Jaltomata of Costa Rica

revised 18 Sep 2014  
Link to Jaltomata homepage The information on this page may be cited as a communication with professor Thomas Mione, Central Connecticut State University, Biology Department, Copernicus Hall, 1615 Stanley Street, New Britain, Connecticut 06050-4010, United States of America.

Key from Mione and Yacher (2005)

1. Style straight; calyx (at flowering, in Costa Rica) green with purple lobe tips and/or purple main veins; anthers of uniform size, mucronate (in Costa Rica)(Fig. F); mature fruit partially hidden by calyx on some collections; 1000 -- 2900 m.        J. procumbens (Cav.) J. L. Gentry

1. Style curved; calyx at flowering uniformly green; anthers neither mucronate nor mucronulate (Figs. B, D below), those of a flower vary in size (most evident during the first day the flower is open when anthers remain undehisced); fruit fully exposed (the calyx does not hide it) in a view perpendicular to the pedicel at the height of the fruit. ................................................ 2

2. Leaves membranous, to 20 cm long; filaments curved to sigmoid (Figs. A, C below); stigma shallowly grooved to bilobed; flowers pistillate for a day and then functionally perfect; 400 -- 1200 m.         
J. repandidentata (Dunal) Hunz.

2. Leaves somewhat coriaceous, to 30 cm long; filaments straight or nearly so (Fig. C below); stigma with a very shallow medial groove; flowers functionally hermaphroditic (perfect) when they open; 0 -- 320 m.                  
J. darcyana Mione

Illustration generously

provided by

Luis Serazo



In this graph the "new species" represented by a red diamond has been published as J. darcyana

Mione &

for list of morphological characters
used to
this graph,
and other




Brief Description of Field Work in Costa Rica, January 2000     

Earlier botanists had recognized a single species of Jaltomata in Costa Rica, even though collections of this genus in Costa Rica range from sea level to nearly 3000 m of elevation.  From earlier study of herbarium specimens I suspected the presence of two to three species in Costa Rica, but needed to go to the country to investigate.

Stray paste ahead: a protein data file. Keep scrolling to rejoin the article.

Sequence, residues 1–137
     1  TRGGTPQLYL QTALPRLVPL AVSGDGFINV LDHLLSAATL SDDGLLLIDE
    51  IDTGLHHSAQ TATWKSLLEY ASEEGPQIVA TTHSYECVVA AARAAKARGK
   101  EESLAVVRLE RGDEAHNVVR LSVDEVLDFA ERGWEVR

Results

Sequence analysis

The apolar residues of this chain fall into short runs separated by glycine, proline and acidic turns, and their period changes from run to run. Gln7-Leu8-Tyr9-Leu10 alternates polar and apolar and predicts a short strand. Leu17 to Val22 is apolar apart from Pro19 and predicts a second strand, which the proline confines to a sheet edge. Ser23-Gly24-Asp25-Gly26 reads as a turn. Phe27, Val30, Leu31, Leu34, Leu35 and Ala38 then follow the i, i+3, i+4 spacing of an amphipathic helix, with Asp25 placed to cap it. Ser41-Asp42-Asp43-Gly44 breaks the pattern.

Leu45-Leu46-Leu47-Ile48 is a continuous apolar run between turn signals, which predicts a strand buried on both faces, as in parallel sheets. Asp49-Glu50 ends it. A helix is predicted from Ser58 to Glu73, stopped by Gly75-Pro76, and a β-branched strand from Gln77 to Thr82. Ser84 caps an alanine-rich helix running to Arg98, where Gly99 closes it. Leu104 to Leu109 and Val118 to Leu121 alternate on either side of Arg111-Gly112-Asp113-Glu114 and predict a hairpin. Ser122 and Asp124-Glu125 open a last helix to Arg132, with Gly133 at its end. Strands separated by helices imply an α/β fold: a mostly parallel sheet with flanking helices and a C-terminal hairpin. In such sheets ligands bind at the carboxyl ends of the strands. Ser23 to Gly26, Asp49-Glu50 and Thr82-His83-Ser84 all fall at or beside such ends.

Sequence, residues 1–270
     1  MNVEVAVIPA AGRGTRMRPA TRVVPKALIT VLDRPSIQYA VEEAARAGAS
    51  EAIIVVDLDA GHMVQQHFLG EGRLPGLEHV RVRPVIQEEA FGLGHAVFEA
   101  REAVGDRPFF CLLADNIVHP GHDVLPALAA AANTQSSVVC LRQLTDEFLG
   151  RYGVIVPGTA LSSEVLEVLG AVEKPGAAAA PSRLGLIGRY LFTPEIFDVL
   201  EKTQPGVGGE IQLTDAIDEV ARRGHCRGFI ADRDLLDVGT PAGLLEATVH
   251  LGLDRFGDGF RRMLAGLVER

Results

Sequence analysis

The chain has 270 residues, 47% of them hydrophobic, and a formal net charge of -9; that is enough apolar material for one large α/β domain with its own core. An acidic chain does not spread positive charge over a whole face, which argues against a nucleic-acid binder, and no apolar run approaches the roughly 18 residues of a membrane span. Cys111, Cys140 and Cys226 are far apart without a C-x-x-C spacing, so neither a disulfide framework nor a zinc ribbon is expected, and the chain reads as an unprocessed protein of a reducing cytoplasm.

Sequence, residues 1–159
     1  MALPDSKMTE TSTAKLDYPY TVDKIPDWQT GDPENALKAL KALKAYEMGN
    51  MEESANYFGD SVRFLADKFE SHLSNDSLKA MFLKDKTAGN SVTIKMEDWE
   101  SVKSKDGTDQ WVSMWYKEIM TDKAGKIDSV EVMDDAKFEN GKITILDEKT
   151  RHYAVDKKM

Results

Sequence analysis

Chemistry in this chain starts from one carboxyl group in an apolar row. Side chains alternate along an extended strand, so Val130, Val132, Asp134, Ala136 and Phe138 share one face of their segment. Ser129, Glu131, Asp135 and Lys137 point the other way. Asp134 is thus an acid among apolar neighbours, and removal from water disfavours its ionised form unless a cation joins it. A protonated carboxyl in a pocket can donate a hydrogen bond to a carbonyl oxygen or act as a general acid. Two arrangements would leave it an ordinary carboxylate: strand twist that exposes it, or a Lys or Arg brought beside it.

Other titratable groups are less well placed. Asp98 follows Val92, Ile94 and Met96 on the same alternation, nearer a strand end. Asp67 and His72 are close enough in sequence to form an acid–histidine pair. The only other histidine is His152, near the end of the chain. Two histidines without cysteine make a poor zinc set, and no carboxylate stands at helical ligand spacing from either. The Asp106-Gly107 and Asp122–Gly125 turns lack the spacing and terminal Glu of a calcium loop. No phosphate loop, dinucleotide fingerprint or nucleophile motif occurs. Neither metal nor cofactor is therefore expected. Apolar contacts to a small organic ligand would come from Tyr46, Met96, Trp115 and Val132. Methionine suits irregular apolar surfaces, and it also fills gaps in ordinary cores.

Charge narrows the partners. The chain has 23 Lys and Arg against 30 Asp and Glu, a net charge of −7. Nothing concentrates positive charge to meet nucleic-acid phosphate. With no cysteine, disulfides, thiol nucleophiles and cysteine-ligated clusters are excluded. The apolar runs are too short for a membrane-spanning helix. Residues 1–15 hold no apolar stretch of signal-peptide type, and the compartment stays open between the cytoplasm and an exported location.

Leon Yacher and I made traditional herbarium specimens, preserved flowers in alcohol, and dried leaves for extraction of DNA for molecular systematics.  Field work, molecular laboratory work after returning, and comparative morphology revealed three distinct and defendable species, one of which turned out to be new to science. 

Yacher and I are among the first scientists to see Jaltomata growing at its extremes of environmental tolerance in Costa Rica: Bill Haber showed me an epiphytic member of this genus (photo below, J. procumbens) in the very wet high-elevation forest. Yacher and I collected what turned out to be a new species, J. darcyana, on the West coast near sea level in a forest so hot and dry that the trees seasonally lose their leaves.  That this genus grows in Costa Rica at these extremes had not previously been reported.

The field work was funded by a National Geographic Society grant awarded to T. M.

Jaltomata procumbens growing as an epiphyte at Monteverde, Costa Rica.

Special thanks to Bill Haber for bringing me to this exciting plant.

Photo by
Thomas Mione, taken during an expedition
by the
National Geographic Society.